Employee Net Promoter Score (eNPS) is defined as a concept that is built around the Net Promoter Score (NPS) to measure employee loyalty. It is a method of measuring how willing your employees to recommend their workplace to their family or friends.
Imagine having employees in your organization that are totally dedicated and loyal to your organization. Imagine having a team of employees going above and beyond in providing exceptionally incredible service to keep your customers happy and improve customer satisfaction.
Employee Net Promoter Score gets praises for it is compact, prevents survey fatigue, ease of calculating the results and the ability to benchmark it, as well as repeating it at sufficient intervals because it is simple. All these attributes certainly put eNPS in a more efficient place.
However, if you combine eNPS with other related HR metrics, you will be able to know the reasons why the negative feedback was given by the employees, why are they happy or unhappy, if they are motivated enough to work in the organization.
eNPS is built around the same concept as Net Promoter Score (NPS), which was originally developed by Fred Reichheld, Bain and Co. and Satmetrix in the 1990’s and is based on one ultimate question: “On a scale from 0-10, how likely are you to recommend our product/service to your family or friends?”
eNPS is based on the same ultimate survey question but with a twist, that will help organizations measure employee loyalty: “On a scale from 0-10 how likely are you to recommend our organization to your family or friends?”
In compliance with the NPS, the answers are then divided into three categories:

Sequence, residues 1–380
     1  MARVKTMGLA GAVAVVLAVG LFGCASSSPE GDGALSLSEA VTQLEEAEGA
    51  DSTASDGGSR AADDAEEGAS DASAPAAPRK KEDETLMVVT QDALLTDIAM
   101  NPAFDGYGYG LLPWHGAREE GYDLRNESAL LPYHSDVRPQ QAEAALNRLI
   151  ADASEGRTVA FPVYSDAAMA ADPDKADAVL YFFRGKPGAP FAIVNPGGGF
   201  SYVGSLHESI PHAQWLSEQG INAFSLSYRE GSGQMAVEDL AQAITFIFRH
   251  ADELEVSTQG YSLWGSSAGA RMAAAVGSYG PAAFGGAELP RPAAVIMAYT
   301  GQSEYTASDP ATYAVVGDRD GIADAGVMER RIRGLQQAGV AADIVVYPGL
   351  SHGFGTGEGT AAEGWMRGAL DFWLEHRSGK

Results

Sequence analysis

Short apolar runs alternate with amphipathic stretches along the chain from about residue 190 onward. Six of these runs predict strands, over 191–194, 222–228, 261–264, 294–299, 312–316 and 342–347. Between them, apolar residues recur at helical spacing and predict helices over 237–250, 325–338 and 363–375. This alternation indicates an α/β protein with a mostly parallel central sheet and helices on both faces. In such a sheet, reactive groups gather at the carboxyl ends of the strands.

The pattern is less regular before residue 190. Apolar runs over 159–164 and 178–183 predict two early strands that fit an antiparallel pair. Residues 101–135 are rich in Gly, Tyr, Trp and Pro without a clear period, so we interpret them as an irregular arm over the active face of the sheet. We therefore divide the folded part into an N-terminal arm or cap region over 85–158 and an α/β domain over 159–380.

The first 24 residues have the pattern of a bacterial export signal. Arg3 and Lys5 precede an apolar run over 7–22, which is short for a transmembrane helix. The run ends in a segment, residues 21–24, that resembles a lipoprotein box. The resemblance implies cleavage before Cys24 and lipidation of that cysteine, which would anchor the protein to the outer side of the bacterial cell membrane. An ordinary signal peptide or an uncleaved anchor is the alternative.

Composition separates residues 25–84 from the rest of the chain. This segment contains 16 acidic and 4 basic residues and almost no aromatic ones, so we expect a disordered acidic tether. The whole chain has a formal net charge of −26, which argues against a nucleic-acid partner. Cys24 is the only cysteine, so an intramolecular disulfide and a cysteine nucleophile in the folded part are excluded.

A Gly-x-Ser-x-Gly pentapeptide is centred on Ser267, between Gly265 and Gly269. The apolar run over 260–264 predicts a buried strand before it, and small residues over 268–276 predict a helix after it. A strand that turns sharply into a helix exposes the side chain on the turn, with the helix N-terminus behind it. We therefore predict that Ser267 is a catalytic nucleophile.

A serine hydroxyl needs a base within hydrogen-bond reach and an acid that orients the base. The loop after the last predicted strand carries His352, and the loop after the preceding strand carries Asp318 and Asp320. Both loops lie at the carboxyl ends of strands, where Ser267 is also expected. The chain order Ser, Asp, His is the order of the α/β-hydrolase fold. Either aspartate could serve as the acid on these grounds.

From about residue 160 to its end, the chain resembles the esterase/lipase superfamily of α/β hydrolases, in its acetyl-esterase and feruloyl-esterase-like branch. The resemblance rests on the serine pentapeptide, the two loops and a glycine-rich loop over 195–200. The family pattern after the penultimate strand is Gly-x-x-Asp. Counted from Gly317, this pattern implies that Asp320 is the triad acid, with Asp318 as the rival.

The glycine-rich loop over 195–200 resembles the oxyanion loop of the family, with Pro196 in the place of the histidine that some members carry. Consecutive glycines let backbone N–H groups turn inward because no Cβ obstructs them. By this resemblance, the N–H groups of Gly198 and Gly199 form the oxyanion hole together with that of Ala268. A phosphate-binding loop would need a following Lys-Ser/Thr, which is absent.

- 0-6: Detractors, they are particularly dissatisfied with the organization and spread a negative word of mouth.
- 7-8: Passives, they are neither emotionally invested nor disengaged.
- 9-10: Promoters, they are extremely loyal to the organization and will definitely spread a positive word around
A respondent is considered a promoter when he/she gives a score of either 9 or 10 on the employee Net Promoter Score question.
Employers should not get relaxed if they see a 9 or a 10 in most of the responses. It’s easy to think that the employees who have scored your organization high are already happy and you don’t need to focus on them.
However, it is advisable for organizations to stay focused and use the feedback provided by the promoters and see why they like the organization and what is the exact reason they have mentioned to refer your organization to their friends and family.
A respondent who has scored you between 7 and 8 is considered to be passive or neutral.